If you know me personally or just follow me on social media, you will know Duke and how much he means to me. On Thursday 19 December 2019, during or prior to a Qantas flight from Sydney to Brisbane, my beautiful boy died. December 19 was a hot day. The forecast for the day was 34C but it reached 39C (102.2F), probably a lot hotter out on the airport tarmac. Duke and I were flying with Qantas from Sydney to Brisbane. I was worried about the heat but was told by Qantas freight staff that Duke would only be kept on the tarmac for a few minutes, and that he would be kept under cover until they were ready to put him on the plane. All animals are meant to be boarded last (last on first off). Nevertheless, I requested and was given permission to wait with Duke in the air-conditioned office until the last possible minute before he was placed in his crate for the flight. The staff at the freight office were great and when the time came to put Duke into the crate, they patiently waited while I did everything I could to ensure he would be kept cool. I used two bottles of ice water to soak Duke down as well as a towel for him to lay on, and filled up the water bowl. I kept the third bottle completely frozen and placed that in the crate with him. That should have been enough to keep him cool for the time it would take to load him onto the plane. When travelling (by plane) with Duke, I always stand at the window near the boarding gates and watch him get loaded onto the plane before I board. When I arrived at the boarding gates, I could see Duke's crate already on the tarmac. I’m not sure how long he’d already been there but as I watched, five, ten, fifteen minutes passed, and he was still out there, in the crate, in that heat. I alerted Qantas staff of my concerns over Duke being out in the heat, but I was assured that he was fine and would be loaded shortly. I kept waiting at the window as passengers started to board. I became extremely distressed and started to cry as I once again told Qantas staff of my concerns about Duke being out in the heat all this time and explained that Boxers don't tolerate heat very well. I was told that I needed to board as I was the last passenger and that Duke would now be loaded and that the cargo hold is air conditioned so he will be fine. As I entered the plain the flight attendant saw that I was crying and asked if I was ok. I was so upset that she notified the captain. He apparently phoned down to the ground crew to check on Duke. A message came back saying he was fine. But he wasn’t fine. When I landed in Brisbane, I went to the freight office to collect Duke. When I arrived I was asked if I was Kay Newman, when I said yes I was asked to come through to the back of the office, that’s not normal and I knew in my heart something was wrong, I started screaming what’s wrong, what’s happened!! Then I heard the words I never wanted to hear, “We have some bad news, I’m sorry but your dog didn’t survive the flight and has passed away”. I was beside myself, all I could do was scream no, no, no. I demanded to see Duke because I didn’t want to believe what was happening. Duke was still in the crate and when I reached in and put my arms around him, I knew immediately why he died because the heat coming from the underside of his body, and the bottom of his crate was immense. My poor boy suffered a terrible death because he was left out on the tarmac by Qantas baggage handlers, in the searing heat whilst they loaded all the passenger’s luggage and post parcels. His death was 100% preventable. Qantas staff did not exercise their duty of care or use any common sense. Instead they treated Duke as though he was nothing but luggage and as a result he suffered an unimaginable death. Shame on you Qantas!! Why did your baggage handlers leave an innocent animal out in that terrible heat for such a long time? Why, when the flight was delayed, didn’t any of your staff think to move Duke back indoors to where he could be kept cool until it was time to board? Why were my concerns about Duke ignored on numerous occasions? And why was I told my dog was fine when he obviously wasn’t? At the very least you need to reassess your current guidelines in relation to the care of animals and make sure protocols are put in place to ensure this never happens again. This is not an isolated incident, there are others who have lost their beloved pets at the hands of Qantas and it needs to stop! It has been 3 weeks since the death of Duke and despite constant calls by me to Qantas I’m still waiting to receive details of the investigation into Duke’s death. First I was told the investigation is still in progress, then I was told someone would call me with details, next I was told I’d receive a letter by email with the investigation details, when that didn’t turn up I was told the investigation was with the claims department, and now I’ve been informed the email will be sent by the end of this week or early next week. Not good enough! I am posting this as a dedication to the life of Duke (Dukey Boy) and as a warning to those of you who may be travelling by plane with your pets in the future. I am blessed and so grateful to have been Duke's mum for the past six and half years. Duke was amazing. He was smart, funny, a little bit quirky, his favourite things were walks and swimming and of course his stuffed elephant (seen in this video) which he had his entire life, he was beautiful inside and out, he loved everyone he met and was loved by all who met him. Words can't describe how much I miss Duke or how devastated I and my family are over his death. He didn’t deserve to suffer the way he did. The Qantas staff who neglected to care for Duke on that day should be absolutely ashamed of themselves. Rest in peace my beautiful Dukey Boy xx.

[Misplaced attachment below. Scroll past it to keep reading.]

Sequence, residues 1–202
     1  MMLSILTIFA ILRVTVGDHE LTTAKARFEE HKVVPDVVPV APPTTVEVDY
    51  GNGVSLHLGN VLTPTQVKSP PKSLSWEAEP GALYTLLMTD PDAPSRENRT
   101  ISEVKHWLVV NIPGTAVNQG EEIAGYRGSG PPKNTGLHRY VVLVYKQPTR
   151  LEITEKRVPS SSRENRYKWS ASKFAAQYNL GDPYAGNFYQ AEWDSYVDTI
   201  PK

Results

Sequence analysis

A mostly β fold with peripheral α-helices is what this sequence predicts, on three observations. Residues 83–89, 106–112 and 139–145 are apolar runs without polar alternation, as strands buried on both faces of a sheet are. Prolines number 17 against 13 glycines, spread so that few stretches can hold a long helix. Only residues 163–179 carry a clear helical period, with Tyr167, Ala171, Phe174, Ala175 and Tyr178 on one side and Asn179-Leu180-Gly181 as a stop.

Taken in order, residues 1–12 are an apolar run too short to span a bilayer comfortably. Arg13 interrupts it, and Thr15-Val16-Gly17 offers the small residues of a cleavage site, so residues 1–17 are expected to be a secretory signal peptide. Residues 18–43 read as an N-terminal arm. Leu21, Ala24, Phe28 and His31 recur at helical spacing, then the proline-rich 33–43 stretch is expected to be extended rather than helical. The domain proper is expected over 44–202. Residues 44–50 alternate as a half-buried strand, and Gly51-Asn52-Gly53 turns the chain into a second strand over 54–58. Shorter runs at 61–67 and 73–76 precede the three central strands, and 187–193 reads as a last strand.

Posted by Kay Newman on Thursday, 9 January 2020